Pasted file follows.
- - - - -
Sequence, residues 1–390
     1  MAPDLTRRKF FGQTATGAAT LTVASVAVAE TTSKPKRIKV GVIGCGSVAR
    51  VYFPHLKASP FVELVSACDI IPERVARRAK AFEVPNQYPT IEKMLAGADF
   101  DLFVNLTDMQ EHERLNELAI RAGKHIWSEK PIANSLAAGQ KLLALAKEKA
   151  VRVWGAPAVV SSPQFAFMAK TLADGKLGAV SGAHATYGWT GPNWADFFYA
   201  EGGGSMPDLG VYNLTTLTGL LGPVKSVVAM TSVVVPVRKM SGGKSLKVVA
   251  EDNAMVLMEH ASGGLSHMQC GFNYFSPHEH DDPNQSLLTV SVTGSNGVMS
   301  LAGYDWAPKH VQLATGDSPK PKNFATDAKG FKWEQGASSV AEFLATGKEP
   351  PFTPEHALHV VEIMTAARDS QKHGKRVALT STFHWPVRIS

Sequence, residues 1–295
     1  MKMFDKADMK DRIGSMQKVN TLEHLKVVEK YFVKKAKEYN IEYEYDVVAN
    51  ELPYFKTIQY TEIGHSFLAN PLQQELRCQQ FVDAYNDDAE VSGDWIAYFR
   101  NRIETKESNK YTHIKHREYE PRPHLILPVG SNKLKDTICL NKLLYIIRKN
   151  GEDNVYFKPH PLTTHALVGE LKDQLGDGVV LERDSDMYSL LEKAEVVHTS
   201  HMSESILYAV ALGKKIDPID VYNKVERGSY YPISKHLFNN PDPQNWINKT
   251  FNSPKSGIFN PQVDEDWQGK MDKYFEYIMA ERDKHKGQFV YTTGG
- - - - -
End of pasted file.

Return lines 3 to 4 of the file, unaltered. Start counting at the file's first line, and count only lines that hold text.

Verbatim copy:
    51  VYFPHLKASP FVELVSACDI IPERVARRAK AFEVPNQYPT IEKMLAGADF
   101  DLFVNLTDMQ EHERLNELAI RAGKHIWSEK PIANSLAAGQ KLLALAKEKA